the Ballet
the Performance

The Set

Now the dancers are almost ready to perform. Are they going to perform on a blank stage? Of course not. There must be sets and lights so that the audience can see the dancers and so that it looks like they are in the setting they are supposed to be in.

If a ballet has been performed before, like Swan Lake, sets will have been designed for the ballet by the original designer. However, quite often new sets are designed to fit a new adaptation of the choreography, or to fit in a certain theatre, or because of financial constraints. The set designer will first draw his or her concept of how the stage will look and present it to the director, choreographer, producer, and anyone else who needs to know. If they like the designer's idea he or she will build a model of the set to use as a guide when building the real, full-size version. Believe it or not, both Leonardo da Vinci and Pablo Picasso have worked as set designers.

Work will then begin on the set itself. Building a set requires a large team of skilled painters, carpenters, and other craftsmen. Hanging backdrops will be painted to look like the insides of houses, or lakes, or whatever is needed for the ballet. Buildings and props will be built and painted, and sometimes a special coloured or patterned dance floor will be laid down to help complete the image.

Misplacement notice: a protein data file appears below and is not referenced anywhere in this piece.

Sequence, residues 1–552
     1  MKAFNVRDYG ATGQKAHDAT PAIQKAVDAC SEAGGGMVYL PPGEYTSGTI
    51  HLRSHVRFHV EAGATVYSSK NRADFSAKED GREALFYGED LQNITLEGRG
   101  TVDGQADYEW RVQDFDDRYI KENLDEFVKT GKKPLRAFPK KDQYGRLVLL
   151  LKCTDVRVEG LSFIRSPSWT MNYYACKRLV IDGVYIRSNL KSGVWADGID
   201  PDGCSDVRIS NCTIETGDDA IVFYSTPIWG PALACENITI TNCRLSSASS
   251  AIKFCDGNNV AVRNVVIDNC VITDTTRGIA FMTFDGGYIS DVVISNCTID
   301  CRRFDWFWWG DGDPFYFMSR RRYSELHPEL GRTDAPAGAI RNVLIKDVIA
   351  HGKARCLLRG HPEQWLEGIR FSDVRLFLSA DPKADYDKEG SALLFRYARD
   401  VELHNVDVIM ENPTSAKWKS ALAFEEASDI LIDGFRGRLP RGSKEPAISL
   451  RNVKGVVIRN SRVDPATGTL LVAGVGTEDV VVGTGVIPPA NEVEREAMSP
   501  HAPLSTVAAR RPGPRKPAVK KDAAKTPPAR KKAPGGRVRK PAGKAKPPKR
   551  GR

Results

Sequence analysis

Lights are required to see the dancers on the stage. With the help of the director, the lighting designer will decide where all of the lights in the theatre should hang, what they should point at, what colour they should be, (regular white light is rarely used in a theatre, it is usually a mix of colours to create a certain mood), and when they should be on. He or she will then start hanging the lights in the theatre; usually there are some people helping the designer hang lights because there may be hundreds of lights to hang. Finally, the stage is ready for the dancers, but what are they going to wear?

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